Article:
The new Aberdeen Western Peripheral Road (AWPR) is to host a “Go North East Road Festival” before it is opened to traffic in September. The event will offer cyclists an opportunity to “wobble or weave” on the road to promote active travel. However, people will not be allowed to bring their own bikes “for everyone’s safety” and cyclists will be banned from the road forever once the event is over.
The Community Weekend has been scheduled for Saturday September 8 and Sunday September 9. It is described as a free public event to celebrate “the opening of one of the largest infrastructure projects in Scotland, part of Transport Scotland’s commitment to improving travel in the north east.”
However, the Press and Journal reports that participants won’t be able to bring their own bikes for the cycling element of those celebrations.
The event website states: “During both event days, we are planning to have a selection of bikes for use in a ‘come and try’ arena.
“This will give an opportunity for novices and the more experienced to cycle a short section of AWPR B-T. Cyclists of all levels can wiz [sic], wobble or weave on the closed road, promoting active travel and greener transport.”
Access to the event is only by free shuttle bus and the website states: "Please note, for everyone’s safety visitors will not be able to bring their own bikes on site."
If you’re wondering how the AWPR will be of benefit to cyclists long-term, the answer is that local roads will be relieved of “strategic traffic” (whatever that is).
“The AWPR/B-T will be a Special Road, and, similar to a motorway, cyclists will be prohibited from using it for their own safety.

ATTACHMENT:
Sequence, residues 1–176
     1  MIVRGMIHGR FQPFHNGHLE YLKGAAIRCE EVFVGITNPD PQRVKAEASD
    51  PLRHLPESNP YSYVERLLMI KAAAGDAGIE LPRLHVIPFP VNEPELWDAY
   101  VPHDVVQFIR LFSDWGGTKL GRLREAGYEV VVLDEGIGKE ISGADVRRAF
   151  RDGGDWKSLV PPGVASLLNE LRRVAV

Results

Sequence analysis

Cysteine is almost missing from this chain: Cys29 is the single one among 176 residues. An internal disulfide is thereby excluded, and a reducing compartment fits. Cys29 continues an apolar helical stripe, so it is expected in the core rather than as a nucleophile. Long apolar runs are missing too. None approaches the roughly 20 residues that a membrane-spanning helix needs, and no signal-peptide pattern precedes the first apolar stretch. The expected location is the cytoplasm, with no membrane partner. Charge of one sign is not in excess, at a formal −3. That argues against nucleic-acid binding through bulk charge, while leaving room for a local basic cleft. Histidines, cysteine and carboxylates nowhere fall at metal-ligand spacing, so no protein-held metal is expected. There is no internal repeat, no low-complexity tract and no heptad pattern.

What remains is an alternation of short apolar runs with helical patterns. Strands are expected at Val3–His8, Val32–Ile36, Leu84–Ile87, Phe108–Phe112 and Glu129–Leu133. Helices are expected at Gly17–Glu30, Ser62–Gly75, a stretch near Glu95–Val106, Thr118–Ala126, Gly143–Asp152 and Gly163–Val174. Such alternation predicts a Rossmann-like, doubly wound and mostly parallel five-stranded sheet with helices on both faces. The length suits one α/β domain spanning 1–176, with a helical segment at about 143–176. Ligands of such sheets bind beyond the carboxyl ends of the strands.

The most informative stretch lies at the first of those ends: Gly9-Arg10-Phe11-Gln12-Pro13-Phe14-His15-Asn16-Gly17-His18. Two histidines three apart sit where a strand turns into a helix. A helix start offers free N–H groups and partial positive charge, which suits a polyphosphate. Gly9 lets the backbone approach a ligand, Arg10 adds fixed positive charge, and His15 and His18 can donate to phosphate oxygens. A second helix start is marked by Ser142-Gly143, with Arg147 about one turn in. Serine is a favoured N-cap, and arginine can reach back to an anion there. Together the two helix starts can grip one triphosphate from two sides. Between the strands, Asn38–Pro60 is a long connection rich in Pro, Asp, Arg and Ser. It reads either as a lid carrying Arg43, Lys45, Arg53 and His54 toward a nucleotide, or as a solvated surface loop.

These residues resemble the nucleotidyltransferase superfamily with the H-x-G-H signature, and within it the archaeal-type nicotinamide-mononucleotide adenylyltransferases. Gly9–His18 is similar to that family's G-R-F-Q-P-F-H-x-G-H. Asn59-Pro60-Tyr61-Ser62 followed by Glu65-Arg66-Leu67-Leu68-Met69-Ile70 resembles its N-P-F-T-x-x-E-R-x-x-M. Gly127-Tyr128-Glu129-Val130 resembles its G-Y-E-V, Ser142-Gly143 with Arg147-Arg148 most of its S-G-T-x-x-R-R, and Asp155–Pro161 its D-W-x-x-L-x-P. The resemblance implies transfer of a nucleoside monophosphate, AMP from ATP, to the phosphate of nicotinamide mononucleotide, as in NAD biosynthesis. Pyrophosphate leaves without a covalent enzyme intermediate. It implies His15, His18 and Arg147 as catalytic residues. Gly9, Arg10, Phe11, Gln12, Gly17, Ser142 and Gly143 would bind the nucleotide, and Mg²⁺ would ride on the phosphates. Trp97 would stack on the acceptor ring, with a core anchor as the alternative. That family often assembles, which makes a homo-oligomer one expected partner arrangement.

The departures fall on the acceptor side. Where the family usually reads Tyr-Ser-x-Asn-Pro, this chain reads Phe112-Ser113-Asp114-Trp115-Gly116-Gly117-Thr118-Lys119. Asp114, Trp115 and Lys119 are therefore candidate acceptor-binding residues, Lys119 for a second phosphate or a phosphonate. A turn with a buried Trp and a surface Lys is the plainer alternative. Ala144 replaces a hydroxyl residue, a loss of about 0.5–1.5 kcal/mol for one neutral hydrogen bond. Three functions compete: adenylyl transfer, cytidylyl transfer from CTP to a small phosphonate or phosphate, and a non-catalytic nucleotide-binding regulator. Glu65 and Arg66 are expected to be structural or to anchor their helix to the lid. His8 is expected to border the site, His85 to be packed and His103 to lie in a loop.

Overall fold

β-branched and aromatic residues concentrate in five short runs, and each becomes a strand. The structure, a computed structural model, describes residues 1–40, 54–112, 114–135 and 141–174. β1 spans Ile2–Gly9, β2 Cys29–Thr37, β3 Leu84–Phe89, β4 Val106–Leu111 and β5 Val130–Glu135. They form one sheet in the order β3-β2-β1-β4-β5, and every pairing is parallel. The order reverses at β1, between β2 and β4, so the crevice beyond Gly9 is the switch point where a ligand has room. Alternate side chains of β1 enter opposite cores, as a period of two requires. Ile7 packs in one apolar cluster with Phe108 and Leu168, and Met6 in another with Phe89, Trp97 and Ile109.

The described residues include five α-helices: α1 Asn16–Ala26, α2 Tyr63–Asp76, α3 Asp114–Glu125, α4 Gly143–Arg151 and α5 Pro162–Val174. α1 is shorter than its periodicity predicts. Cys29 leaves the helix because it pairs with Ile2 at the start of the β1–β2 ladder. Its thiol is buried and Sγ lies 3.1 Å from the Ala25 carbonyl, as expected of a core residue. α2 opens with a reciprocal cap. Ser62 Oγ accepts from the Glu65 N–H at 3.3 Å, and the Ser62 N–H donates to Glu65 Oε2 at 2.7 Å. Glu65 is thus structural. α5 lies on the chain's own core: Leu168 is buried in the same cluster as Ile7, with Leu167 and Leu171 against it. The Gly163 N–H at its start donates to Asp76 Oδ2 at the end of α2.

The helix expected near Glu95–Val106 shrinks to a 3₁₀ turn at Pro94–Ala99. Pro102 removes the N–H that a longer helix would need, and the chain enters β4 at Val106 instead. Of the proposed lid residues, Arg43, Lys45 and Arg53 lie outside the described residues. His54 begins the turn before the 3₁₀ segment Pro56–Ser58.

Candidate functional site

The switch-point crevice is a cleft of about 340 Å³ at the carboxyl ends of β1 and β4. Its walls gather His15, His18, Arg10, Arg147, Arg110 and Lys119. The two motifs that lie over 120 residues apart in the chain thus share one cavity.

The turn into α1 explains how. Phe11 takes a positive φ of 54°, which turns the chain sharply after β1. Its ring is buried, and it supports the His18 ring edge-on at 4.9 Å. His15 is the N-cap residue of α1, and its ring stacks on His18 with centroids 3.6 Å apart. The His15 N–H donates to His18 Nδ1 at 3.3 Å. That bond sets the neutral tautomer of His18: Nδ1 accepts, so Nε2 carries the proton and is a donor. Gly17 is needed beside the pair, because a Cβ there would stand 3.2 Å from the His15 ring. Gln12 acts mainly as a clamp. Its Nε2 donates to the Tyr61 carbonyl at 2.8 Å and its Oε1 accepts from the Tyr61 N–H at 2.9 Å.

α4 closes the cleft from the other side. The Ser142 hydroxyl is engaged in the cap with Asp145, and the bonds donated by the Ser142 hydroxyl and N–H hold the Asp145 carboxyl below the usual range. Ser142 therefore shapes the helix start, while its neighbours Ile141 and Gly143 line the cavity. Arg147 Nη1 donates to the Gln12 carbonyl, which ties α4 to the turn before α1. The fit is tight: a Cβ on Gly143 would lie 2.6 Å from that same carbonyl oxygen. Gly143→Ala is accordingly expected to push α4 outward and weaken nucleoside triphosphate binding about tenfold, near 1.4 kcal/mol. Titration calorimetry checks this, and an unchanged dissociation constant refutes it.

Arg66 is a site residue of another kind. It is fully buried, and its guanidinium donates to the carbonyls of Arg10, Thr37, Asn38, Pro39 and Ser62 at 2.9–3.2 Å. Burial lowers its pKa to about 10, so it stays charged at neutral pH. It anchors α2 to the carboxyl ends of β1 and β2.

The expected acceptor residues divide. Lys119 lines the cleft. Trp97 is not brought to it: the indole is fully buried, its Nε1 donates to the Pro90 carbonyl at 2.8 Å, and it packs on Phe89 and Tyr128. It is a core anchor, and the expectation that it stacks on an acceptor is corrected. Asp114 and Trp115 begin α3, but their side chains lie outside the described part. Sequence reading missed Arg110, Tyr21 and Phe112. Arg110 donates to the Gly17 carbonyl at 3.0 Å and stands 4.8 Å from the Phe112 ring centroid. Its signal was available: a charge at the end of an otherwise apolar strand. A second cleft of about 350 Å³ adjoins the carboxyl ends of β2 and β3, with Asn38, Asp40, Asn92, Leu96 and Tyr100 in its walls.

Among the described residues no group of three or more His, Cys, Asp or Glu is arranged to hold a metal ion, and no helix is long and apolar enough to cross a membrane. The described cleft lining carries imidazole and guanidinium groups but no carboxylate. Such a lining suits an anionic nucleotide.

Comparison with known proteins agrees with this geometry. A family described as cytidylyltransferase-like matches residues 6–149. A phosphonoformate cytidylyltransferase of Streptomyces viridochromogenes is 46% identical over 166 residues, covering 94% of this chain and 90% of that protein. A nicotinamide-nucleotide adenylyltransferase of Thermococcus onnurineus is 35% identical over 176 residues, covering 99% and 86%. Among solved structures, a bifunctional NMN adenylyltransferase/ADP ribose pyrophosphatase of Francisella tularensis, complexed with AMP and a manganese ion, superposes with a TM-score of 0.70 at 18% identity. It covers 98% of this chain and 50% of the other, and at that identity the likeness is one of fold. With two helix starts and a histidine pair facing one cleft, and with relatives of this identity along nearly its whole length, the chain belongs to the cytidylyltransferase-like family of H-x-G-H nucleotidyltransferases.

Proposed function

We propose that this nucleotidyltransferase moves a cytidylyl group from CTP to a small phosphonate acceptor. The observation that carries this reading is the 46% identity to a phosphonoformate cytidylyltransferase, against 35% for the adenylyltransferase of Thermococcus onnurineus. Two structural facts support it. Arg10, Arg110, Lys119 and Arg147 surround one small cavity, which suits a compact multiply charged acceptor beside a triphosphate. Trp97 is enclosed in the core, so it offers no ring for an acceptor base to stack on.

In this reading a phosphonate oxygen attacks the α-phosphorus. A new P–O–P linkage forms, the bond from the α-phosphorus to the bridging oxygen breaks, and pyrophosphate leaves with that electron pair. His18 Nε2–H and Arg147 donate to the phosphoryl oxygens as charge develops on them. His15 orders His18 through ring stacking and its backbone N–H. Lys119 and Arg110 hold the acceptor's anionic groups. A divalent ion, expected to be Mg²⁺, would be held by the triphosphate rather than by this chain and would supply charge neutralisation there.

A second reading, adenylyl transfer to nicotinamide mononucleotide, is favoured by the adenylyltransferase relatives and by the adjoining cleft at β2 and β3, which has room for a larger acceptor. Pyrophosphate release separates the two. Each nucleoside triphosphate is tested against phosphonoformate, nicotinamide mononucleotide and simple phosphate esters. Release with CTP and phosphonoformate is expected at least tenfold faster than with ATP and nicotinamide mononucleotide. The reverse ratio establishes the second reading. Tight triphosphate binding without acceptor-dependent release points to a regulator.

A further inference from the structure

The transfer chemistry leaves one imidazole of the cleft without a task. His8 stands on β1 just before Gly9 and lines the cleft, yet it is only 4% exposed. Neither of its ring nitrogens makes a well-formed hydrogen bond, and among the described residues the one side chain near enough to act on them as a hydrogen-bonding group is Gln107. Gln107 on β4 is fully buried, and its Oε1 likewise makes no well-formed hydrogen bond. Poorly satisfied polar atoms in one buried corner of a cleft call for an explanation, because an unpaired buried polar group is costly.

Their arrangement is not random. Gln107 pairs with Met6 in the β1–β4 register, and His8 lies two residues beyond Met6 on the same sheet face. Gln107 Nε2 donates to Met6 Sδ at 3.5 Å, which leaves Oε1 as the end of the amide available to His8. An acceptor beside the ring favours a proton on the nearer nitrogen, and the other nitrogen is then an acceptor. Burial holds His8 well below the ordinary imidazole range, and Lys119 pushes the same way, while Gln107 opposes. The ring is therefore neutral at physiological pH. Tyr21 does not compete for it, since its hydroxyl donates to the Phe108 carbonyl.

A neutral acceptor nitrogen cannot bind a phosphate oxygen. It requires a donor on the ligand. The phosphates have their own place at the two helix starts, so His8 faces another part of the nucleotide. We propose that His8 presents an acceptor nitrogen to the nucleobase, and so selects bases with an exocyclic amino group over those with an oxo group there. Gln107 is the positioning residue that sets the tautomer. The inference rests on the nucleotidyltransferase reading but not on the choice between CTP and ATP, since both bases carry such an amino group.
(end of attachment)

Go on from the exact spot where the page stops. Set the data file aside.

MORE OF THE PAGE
“However, the benefits to cyclists and pedestrians of the project are to be found in the local road networks which will be relieved of strategic traffic, with all the environmental and safety benefits this will bring.”
In an open letter to event organisers Transport Scotland, the chairman of Ride the North (a two-day cycling event which takes place later this month in Aberdeenshire and Moray) said: “I noticed yesterday the information presented online has been amended to state that cyclists cannot access with their own bicycles – but are invited to ‘wobble and weave’ on provided bikes for reasons of health and safety.
“I write to urge you to take soundings from local cyclists to gauge whether the proposals outlined will engage them as you would wish.”
A Transport Scotland spokesman said: “The event organising team has consulted with a number of local cycling groups to understand and meet their aspirations while also maintaining the safety of all visitors and the security of the site.
“More details about the festival will be announced next week but we can confirm there will be opportunities to cycle on a lengthy section of the road.
“There has been no change to any information previously provided in June and at no time has a mass participation cycling event been envisaged, given the project remains largely a construction site at this time.
“The ethos of the Go North East Road Festival is to be as inclusive as possible so that anyone can take up the opportunity to cycle on the road before it opens to traffic, regardless of ability.
“It has always been necessary to ensure that entry to the event arena is controlled for security reasons.
“This means that rather than encouraging people to bring their own bikes, we will make bikes available for people of all ages and abilities to borrow and ride on a lengthy section of the road.”